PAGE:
Friday, October 5, 2012

Morocco Turns Back Women on Waves Abortion Ship

Moroccan women protest the docking in the port of Smir of  the "abortion ship" run by the radical Dutch  Women on Waves organization. Abortion is illegal in Morocco.

A ship filled with activists who say they want to help women receive abortions was escorted out of the Moroccan port of Smir after the government initially blocked the harbor and prevented residents from accessing the vessel.

Abortion is illegal in Morocco, and the country's Health Ministry said in a statement that it had not authorized the vessel's visit or any procedures by nonresident doctors.

The "abortion ship" is run by Women on Waves, which was founded in 1999 by a Dutch doctor to provide abortions to women in countries where the practice is illegal. The Women on Waves ship takes women into international waters to perform the abortions, which are legal under Dutch law, until 6.5 weeks into the pregnancy.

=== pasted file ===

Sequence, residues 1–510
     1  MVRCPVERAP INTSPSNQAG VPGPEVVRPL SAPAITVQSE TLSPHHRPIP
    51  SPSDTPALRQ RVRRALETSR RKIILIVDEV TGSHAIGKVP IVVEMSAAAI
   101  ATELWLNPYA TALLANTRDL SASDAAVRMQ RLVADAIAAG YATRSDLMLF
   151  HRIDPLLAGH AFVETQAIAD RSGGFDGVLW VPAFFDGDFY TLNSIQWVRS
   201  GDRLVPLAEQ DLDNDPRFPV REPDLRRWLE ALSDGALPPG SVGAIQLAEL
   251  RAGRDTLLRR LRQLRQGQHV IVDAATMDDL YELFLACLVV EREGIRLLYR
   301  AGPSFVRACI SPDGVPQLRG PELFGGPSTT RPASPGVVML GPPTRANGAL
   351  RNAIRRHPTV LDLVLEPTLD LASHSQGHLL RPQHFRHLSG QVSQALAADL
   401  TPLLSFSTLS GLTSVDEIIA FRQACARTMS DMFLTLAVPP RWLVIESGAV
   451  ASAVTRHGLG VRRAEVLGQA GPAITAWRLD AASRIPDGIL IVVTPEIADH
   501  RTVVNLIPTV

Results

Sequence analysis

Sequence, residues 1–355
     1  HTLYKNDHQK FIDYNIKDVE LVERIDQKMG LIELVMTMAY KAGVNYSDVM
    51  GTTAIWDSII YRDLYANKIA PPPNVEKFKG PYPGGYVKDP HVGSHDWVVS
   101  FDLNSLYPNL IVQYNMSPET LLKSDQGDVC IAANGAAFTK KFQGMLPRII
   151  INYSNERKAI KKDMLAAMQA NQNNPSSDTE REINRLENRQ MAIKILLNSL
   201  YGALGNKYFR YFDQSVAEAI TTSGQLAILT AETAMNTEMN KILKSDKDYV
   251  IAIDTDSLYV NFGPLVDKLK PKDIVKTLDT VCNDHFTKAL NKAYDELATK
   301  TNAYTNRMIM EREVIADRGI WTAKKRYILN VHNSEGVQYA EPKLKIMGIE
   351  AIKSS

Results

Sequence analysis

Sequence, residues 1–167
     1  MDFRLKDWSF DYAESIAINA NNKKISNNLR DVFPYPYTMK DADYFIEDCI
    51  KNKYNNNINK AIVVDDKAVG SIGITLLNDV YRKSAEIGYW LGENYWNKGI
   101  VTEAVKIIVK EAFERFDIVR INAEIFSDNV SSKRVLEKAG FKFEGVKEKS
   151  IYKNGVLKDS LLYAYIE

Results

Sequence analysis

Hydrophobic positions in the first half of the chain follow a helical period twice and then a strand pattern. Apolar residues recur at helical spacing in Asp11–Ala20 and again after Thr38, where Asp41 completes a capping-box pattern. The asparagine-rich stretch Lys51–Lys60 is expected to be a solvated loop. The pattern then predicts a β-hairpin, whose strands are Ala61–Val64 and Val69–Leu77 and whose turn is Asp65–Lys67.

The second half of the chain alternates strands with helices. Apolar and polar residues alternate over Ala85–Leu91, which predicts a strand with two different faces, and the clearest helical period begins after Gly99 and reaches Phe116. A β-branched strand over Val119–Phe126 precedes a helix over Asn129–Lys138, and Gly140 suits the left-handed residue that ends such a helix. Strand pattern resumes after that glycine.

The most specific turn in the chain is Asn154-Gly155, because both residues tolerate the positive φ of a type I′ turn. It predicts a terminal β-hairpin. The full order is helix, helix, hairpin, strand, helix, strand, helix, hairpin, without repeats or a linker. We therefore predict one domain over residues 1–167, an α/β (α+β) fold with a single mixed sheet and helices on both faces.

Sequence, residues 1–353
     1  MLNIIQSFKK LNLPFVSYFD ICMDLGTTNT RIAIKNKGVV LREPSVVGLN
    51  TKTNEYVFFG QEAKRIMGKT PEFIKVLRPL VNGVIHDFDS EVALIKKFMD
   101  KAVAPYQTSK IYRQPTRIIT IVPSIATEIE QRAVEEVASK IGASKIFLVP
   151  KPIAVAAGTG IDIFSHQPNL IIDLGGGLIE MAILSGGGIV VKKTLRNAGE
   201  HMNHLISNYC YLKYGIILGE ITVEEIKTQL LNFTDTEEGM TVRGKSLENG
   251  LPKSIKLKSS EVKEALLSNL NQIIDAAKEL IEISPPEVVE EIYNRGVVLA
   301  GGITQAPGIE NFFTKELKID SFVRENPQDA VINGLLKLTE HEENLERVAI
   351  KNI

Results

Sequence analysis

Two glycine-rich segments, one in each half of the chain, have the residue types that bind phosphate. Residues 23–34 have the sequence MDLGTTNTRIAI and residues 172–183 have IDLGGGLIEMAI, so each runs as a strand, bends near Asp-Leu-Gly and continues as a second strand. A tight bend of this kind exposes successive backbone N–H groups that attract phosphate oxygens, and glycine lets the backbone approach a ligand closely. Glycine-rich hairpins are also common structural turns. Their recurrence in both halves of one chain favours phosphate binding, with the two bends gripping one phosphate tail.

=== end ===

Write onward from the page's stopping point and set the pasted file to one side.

But authorities in the predominantly Muslim country seemed to effectively block the activists efforts on Thursday.

Meanwhile, Radio Netherlands reported that on Thursday afternoon, the Dutch Health Ministry announced that the staff on board the boat could not carry out abortions in international waters because they had failed to apply for a permit. The ministry added that it had repeatedly informed Women on Waves that they did not have authorization to terminate pregnancies in international waters off the coast of Morocco.

According to the ministry, Women on Waves must apply for a permit each time it sails. The Dutch Health Care Inspectorate, said the ministry, needs to check the quality and safety of the care and follow-up care. It reiterated that Dutch law applies in international waters because the boat is flying a Dutch flag.

The boat sailed to Morocco at the invitation of the Alternative Movement for Individual Freedoms (MALI), which is campaigning for the legalisation of abortion in the North African country. This is the first attempt Women on Waves has made to visit an Islamic country. In the past 11 years, its ship sailed to Ireland, Poland, Portugal and Spain.

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